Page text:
Which Freshmen Show Early Signs of Stardom?
Political star power: It’s an elusive quality that many aspire to but few attain.
Ex-Rep. Bob Livingston (R-La.), who came within an inch of becoming Speaker, says that recognizing political stardom is akin to how the late Justice Potter Stewart referred to pornography. “If a person has it, you know it,” said Livingston.
Be that as it may, the freshman Members who arrived this month exuding the look of stardom tend to exhibit a few shared characteristics. Sometimes it’s a personal history worthy of Horatio Alger; other times it’s professional renown, exceptional political and policy know-how, famous ancestry, or good old telegenic charm.
Incoming Senators, by default, generally have an easier time qualifying for star status, due to the Senate’s more limited membership and the national media attention given to many Senate races.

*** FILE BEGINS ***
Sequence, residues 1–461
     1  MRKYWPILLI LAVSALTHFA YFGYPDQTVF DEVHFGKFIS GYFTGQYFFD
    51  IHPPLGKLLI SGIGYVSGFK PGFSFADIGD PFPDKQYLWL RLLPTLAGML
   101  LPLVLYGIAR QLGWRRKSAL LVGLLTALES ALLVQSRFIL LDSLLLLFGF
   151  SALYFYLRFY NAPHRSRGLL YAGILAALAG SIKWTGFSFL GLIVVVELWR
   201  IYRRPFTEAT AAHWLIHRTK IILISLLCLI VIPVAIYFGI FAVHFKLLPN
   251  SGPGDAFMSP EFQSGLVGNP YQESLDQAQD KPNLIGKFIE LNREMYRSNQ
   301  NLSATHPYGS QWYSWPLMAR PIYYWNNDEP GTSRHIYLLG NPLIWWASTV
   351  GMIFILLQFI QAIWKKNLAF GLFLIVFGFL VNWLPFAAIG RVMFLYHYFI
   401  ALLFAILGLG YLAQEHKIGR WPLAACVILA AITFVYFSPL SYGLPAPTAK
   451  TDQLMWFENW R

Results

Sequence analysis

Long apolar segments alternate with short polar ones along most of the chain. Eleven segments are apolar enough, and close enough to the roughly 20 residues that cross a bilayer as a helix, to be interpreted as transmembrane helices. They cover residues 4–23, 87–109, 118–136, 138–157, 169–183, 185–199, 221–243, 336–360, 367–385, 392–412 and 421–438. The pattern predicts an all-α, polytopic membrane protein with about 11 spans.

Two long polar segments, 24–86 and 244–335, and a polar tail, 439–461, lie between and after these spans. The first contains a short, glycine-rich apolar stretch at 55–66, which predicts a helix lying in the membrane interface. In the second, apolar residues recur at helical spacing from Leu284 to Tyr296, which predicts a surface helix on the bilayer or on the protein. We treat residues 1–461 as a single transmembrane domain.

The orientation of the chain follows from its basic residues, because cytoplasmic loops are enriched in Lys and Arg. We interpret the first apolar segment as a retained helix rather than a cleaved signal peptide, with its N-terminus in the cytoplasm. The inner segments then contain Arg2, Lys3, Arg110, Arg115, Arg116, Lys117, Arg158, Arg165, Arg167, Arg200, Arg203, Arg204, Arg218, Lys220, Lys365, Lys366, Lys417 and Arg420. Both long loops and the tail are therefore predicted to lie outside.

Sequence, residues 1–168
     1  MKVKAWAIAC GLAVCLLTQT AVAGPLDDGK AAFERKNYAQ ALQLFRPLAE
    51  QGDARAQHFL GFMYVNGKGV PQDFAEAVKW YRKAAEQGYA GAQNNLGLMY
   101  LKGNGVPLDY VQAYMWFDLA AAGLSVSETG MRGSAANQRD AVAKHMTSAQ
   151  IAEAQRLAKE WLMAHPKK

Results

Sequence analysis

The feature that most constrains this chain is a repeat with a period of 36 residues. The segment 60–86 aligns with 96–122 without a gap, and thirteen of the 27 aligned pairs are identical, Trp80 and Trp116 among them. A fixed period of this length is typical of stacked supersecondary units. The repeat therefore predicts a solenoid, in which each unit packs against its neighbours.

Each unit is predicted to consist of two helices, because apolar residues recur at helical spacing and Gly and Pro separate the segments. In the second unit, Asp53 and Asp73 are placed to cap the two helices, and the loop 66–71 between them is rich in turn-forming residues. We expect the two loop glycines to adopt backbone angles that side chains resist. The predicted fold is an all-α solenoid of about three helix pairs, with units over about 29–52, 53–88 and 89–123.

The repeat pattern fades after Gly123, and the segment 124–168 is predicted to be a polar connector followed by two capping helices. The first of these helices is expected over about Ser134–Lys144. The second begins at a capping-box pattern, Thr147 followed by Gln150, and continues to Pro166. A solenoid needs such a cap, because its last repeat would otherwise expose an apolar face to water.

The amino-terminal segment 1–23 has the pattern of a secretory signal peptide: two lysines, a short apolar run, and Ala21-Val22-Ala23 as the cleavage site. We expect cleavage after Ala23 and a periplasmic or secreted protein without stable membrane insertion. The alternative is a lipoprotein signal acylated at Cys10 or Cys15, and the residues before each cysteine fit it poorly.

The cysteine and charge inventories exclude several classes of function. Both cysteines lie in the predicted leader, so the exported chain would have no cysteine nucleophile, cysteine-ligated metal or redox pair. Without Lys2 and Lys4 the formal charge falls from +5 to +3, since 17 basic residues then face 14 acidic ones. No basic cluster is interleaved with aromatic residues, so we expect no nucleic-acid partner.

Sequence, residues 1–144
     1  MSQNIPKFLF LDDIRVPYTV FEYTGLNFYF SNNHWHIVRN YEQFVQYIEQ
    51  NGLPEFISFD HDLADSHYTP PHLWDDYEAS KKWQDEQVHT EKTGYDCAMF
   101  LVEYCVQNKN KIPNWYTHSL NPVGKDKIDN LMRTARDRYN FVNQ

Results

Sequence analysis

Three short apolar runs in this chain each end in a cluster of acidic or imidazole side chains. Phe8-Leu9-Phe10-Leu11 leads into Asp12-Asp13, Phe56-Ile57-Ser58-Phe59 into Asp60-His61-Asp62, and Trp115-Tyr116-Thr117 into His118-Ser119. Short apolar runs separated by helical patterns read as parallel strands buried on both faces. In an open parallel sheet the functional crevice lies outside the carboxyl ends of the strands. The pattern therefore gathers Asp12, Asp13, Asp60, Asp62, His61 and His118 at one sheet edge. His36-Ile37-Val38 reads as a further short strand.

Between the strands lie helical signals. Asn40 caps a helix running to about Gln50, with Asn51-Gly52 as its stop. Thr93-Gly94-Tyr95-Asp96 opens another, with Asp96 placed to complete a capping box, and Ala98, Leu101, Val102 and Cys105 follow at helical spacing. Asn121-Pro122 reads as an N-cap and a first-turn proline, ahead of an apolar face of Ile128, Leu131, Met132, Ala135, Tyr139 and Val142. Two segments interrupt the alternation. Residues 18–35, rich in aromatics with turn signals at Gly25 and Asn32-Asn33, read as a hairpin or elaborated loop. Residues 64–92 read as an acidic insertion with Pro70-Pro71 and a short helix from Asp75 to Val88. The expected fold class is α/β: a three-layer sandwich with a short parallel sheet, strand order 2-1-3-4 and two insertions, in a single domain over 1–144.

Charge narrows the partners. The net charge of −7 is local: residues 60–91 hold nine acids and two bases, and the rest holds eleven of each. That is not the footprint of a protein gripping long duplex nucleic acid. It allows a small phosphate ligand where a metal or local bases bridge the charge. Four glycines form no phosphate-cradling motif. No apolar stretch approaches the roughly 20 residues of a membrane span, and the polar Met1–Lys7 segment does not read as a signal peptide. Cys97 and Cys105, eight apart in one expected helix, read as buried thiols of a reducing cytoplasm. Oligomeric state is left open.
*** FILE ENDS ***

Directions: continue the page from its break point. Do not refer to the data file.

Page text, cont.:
“Once they get into the Senate, most of them will become national stars,” said Don Ritchie, associate Senate historian. “Today, every Senator is influential and every Senator is expected to speak on every issue.”
In the House, however, becoming a star is a dicier challenge. Not only does a freshman have to compete with 434 other politicians for the limelight, but he or she also has a much smaller constituency to serve as a launching pad as well as a longer time to wait before winning a seat on a major committee.
Of course, early star power is no guarantee of future success. In the House, several recent freshman class presidents have gone on to less than stellar careers.
Indeed, none of the 2002 class presidents will be back this year, having either resigned or lost subsequent bids for the House or Senate. One of them, Rep. Frank Ballance (D-N.C.), pleaded guilty late last year in federal court to several charges, including money laundering.
Other freshmen who stay within the straight and narrow still wind up having careers that never seem to fulfill their initial promise. Rep. George Nethercutt (R-Wash.), who won national acclaim by toppling then-Speaker Tom Foley (D), served in the House until he ran for Senate (and lost) last year — but he “all but disappeared once he got here,” said one Republican leadership aide.